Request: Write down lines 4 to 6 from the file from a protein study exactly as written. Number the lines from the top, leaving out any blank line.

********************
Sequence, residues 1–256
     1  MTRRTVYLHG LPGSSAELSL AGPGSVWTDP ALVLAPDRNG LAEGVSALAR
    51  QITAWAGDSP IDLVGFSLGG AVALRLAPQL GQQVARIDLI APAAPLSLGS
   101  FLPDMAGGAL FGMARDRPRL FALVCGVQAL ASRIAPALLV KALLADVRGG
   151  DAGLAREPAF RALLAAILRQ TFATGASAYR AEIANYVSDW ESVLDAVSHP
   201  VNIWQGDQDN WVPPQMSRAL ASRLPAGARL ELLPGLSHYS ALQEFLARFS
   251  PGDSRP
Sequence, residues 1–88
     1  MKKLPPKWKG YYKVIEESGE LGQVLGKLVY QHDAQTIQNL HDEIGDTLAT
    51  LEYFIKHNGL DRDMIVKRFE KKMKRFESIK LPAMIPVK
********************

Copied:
   101  FLPDMAGGAL FGMARDRPRL FALVCGVQAL ASRIAPALLV KALLADVRGG
   151  DAGLAREPAF RALLAAILRQ TFATGASAYR AEIANYVSDW ESVLDAVSHP
   201  VNIWQGDQDN WVPPQMSRAL ASRLPAGARL ELLPGLSHYS ALQEFLARFS